Social Structure of the 1930's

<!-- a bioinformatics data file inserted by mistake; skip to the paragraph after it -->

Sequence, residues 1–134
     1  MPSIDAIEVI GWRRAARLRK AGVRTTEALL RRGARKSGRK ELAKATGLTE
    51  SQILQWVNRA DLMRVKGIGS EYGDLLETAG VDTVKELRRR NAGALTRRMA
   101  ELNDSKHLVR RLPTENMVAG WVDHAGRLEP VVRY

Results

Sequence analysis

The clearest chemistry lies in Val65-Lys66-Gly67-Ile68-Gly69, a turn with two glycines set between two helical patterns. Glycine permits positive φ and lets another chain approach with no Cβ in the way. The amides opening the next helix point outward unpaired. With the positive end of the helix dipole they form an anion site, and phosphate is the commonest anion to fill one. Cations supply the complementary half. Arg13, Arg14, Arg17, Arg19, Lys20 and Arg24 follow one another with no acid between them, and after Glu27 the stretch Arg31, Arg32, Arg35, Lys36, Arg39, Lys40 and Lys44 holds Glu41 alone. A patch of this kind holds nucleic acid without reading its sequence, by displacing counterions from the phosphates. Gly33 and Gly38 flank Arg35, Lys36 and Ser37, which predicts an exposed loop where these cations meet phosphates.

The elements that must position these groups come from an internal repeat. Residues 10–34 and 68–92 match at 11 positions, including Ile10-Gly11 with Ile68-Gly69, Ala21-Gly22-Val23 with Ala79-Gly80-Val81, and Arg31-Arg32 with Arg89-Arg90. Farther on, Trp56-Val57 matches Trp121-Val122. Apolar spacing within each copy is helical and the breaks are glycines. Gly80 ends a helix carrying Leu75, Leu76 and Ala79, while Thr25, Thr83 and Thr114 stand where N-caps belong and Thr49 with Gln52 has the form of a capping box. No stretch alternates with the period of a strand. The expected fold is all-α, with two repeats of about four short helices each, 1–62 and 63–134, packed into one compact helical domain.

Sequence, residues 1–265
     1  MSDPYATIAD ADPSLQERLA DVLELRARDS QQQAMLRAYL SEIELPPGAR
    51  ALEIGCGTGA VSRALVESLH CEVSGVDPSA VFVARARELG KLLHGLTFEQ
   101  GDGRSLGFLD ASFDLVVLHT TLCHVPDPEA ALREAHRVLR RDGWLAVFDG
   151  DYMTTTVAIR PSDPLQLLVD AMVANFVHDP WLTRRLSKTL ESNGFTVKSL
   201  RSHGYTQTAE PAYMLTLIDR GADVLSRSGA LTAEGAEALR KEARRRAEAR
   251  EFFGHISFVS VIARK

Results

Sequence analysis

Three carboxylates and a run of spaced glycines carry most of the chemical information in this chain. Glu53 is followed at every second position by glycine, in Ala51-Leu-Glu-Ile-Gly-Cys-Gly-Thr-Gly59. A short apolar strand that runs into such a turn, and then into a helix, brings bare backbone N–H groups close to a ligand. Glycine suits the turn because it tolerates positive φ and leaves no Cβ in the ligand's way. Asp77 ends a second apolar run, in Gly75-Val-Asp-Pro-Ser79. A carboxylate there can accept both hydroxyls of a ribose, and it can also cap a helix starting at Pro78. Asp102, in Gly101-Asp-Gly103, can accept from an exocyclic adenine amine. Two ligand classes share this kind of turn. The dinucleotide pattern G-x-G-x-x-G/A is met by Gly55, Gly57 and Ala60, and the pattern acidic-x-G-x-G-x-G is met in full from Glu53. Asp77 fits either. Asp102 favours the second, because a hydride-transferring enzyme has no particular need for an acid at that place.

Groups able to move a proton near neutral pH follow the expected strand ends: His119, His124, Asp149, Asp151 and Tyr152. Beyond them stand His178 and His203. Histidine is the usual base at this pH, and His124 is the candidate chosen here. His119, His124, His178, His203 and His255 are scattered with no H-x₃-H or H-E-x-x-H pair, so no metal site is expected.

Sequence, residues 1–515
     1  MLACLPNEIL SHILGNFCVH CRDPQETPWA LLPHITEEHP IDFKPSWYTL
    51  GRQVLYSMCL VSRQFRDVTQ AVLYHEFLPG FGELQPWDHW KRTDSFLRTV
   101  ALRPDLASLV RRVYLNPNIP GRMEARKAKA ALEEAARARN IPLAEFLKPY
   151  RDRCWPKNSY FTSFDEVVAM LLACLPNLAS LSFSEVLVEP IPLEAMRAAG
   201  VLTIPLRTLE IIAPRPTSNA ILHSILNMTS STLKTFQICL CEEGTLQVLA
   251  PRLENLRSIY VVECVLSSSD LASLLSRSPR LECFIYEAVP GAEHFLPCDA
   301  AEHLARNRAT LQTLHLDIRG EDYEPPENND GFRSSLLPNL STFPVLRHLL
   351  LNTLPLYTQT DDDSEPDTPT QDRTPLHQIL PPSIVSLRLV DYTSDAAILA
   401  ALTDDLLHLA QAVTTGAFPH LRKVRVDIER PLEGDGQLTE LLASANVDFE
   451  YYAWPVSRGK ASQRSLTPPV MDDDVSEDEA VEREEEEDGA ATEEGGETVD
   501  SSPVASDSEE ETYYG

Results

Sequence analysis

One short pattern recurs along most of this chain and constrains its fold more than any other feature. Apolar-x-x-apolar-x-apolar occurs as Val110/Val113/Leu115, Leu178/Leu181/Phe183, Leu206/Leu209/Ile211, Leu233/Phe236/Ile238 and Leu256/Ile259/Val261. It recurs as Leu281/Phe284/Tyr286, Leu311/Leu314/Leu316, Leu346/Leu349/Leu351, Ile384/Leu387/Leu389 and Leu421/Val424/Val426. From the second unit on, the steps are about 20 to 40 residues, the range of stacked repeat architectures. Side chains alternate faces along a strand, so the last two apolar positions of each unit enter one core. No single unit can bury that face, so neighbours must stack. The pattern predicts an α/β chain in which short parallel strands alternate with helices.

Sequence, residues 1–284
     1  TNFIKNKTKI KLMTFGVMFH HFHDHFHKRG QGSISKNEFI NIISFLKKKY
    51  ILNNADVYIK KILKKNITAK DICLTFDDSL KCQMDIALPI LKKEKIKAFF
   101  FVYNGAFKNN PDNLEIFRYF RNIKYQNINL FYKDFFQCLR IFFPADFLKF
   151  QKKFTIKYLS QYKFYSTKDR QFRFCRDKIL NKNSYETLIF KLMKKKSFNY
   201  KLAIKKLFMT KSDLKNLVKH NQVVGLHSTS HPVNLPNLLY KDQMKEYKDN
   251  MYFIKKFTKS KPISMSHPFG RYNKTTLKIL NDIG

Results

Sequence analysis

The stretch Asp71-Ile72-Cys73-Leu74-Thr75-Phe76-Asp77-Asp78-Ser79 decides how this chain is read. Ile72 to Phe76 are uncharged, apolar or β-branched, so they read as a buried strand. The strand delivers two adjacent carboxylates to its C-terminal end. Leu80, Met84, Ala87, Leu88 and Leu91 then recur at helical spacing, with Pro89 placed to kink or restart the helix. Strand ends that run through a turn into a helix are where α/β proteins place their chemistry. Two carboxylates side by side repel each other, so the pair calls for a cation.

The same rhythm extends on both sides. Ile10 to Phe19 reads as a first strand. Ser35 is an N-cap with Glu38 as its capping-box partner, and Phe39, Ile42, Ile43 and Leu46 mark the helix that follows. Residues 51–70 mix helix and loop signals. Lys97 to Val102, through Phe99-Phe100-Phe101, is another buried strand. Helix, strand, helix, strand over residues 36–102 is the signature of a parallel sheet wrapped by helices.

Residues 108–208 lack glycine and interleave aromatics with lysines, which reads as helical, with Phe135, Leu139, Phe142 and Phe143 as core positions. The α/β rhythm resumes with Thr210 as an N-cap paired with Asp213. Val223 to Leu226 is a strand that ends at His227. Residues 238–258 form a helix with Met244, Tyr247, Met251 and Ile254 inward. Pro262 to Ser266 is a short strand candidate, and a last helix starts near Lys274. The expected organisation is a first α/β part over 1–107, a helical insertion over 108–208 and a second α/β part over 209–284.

Daphne Du Maurier uses her own reflections in Rebecca to criticize the social structure of the 1930's. The settings throughout the book are taken directly from Daphne's memories as a young child and adult portraying the high social class environment. Important characters and their actions can easily relate back to Daphne's relationship with certain individuals in her life. The characters everyday routines show Daphne's social views on the stereotyped British civilian. There are also many significant events in the novel resembling important moments throughout Daphne's life. Rebecca is, overly, very autobiographical of Daphne Du Maurier's life. The elaborate atmosphere displayed throughout Rebecca can closely be related to the surroundings seen throughout Daphne's life. These characteristics establish the wealthy social class Daphne wanted to portray. As a young child, Daphne stayed at the Milton, which was an exquisite mansion, built for a superior family. The house, called Manderly, described in the novel demonstrates extremely similar features suggesting a relation between the two. Both houses illustrate a massive entrance hall with countless rooms, ran by an authoritative housekeeper. Daphne used more than just use these early memories to create the imaginative setting within Rebecca. She used many attributes from a small town called Menabilly to generate the ambiance of Manderly. Not only are their overall names quite similar, but also the set-up of the two areas. Menabilly was the home of the Rashleigh family, which is just outside Fowey in Cornwall. It's mansion is hidden from the long driveway with immense forestry toped off with the pathway that leads towards a small cottage beside the sea with two beaches secluded in a small cove. Daphne often visited Menabilly, but only as a trespasser. She undoubtedly cherished this place so much that she ended up living there for many years. Here, she created some of her greatest...
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